Vikings Trying to Keep Justin Jefferson From ‘Being a Virus,’ Star Says

justin jefferson

Getty Minnesota Vikings WR Justin Jefferson.

There’s a troubling history with star receivers in Minnesota.

Stefon Diggs. Percy Harvin. Randy Moss.

Minnesota Vikings fans have seen these past stars leave in their prime, a precedent that has fans worried Justin Jefferson could one day do the same.

Already one of the league’s best receivers, Jefferson is on a mission to be the undisputed No. 1 player at his position — and in a business like the NFL, contracts do the talking when it comes to respect.

Jefferson still has two more seasons on his rookie deal but is eligible to receive an extension in the upcoming offseason. He’s been undeniably a good teammate and team-first player, but once the business side of the NFL comes into play, all bets are off on how a player may change their tone.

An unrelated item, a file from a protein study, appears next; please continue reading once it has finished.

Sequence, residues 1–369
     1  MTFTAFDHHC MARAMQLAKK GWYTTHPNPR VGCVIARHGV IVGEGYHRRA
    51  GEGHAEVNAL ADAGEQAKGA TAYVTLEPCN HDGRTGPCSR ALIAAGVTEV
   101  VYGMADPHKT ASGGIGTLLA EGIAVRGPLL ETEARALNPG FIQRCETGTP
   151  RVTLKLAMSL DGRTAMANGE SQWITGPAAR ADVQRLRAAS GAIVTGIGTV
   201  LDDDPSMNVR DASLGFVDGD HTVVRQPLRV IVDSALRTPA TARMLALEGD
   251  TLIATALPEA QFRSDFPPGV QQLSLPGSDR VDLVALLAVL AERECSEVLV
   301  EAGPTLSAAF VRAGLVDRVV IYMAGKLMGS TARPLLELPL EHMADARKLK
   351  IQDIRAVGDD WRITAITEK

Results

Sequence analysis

That’s a conversation for another day, but until then, Vikings coach Kevin O’Connell has continued to have talks with Jefferson, encouraging the 23-year-old to become more of a leader on the team.

Jefferson was asked for more details on those conversations, primarily addressing how his role as a leader will show not through words but through patience.

Justin Jefferson Urged to Not Be a ‘Virus’ to Vikings

After a breakout performance against the Green Bay Packers, Jefferson went quiet for two weeks as he faced double and sometimes triple teams against the Philadelphia Eagles and Detroit Lions.

O’Connell worked with the young receiver on making the most of his opportunities despite facing more attention than ever in his career.